The chances of astronomers finding life on other planets could have possibly expanded after a team of astronomers from all over the world discovered a frozen Earth-like planet circling a single star in a binary star system 3,000 light years away.

The planet, which was given the lengthy name of OGLE-2013-BLG-0341LBb, has twice the mass of Earth and revolves around one of two stars in a binary system by approximately 93 million miles, the same distance from which the Earth circles its own sun. However, the star is 400 times dimmer than our own sun, which means the newly discovered exoplanet's surface is several times much colder than the coldest points on Earth.

Before the discovery, scientists were not aware that rocky planets could form Earth-like orbits around a star in a two-star system, which is the most common star system in the Milky Way galaxy. The researchers believe that although the exoplanet itself is too cold for Earth-like life to form, other planets in a binary system with a similar orbit could be categorized into what is called the "habitable zone," where conditions are ripe for life to thrive.

"This greatly expands the potential locations to discover habitable planets in the future," says Scott Gaudi, astronomy professor at Ohio State University and one the researchers. "Half the stars in the galaxy are in binary systems. We had no idea if Earth-like planets in Earth-like orbits could even form in these systems."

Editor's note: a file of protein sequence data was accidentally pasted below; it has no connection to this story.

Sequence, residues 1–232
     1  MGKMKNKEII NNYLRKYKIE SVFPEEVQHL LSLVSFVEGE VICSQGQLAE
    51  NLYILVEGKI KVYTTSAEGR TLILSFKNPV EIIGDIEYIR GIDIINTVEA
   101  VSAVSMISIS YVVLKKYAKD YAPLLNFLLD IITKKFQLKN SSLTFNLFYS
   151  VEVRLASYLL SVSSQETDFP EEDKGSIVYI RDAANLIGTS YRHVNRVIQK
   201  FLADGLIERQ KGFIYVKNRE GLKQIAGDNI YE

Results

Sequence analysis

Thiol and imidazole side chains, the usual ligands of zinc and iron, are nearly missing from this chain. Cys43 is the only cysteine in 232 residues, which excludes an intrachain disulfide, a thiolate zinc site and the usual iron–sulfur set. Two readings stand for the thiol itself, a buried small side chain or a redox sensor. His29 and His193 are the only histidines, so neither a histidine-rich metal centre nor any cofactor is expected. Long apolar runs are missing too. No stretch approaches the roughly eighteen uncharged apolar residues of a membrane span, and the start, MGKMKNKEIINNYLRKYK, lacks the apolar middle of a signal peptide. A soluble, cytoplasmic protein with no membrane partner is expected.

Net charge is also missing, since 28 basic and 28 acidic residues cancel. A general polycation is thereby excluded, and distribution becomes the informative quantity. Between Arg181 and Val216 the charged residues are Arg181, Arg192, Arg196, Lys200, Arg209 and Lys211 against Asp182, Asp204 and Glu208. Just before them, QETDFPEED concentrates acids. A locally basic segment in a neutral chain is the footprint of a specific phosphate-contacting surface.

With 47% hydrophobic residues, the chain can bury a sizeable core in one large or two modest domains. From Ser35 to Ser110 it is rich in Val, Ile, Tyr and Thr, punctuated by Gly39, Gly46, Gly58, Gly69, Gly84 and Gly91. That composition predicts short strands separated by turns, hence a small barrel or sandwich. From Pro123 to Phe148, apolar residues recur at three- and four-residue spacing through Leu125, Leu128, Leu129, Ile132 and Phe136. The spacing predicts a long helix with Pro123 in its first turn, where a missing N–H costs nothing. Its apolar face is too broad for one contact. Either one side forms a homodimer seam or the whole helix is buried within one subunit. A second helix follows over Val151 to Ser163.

The planet was discovered using a complex century-old technique proposed by Albert Einstein called gravitational microlensing. Einstein said that when a star moves directly in front of another star, the gravitational pull of the foreground star serves like a lens that magnifies the light of the star behind it. In the case of this planet, its star system magnified the light signal of a more distant third star located in the Sagittarius constellation 20,000 light years away.

Team leader Professor Andrew Gould, also of the Ohio State University, says that this was "just another microlensing event" before their equipment, particularly the Optical Gravitational Lensing Experiment (OGLE), discovered a slight dip in the light signal caused by the planet shifting into alignment with its host star and the star 20,000 light years away.

Gould and Gaudi enlisted the help of professional and amateur astronomers from places as far as New Zealand, Australia, Chile and Israel and organized them into the Microlensing Follow Up Network (MicroFUN) to observe the continuously brightening star. At that time, the researchers still did not know that a second star was close by, until it announced its presence with an unexpected eruption of bright light known as a caustic crossing.

Weeks after the first planetary distortion was first observed as a "dip" in light signal, a second distortion caused by the planet was seen in the light from the caustic crossing. Professor Cheongho Han of Korea's Chungbuk National University analyzed the data and confirmed the information captured from the distortion. His analysis also reveals that the planet has a surface temperature of -352 degrees Fahrenheit, making it colder than Jupiter's ice moon Europa. The second star is located as far as Saturn is from our own sun, but it is also very dim like the first star.

The details of the discovery are published in a paper on the Science journal.  

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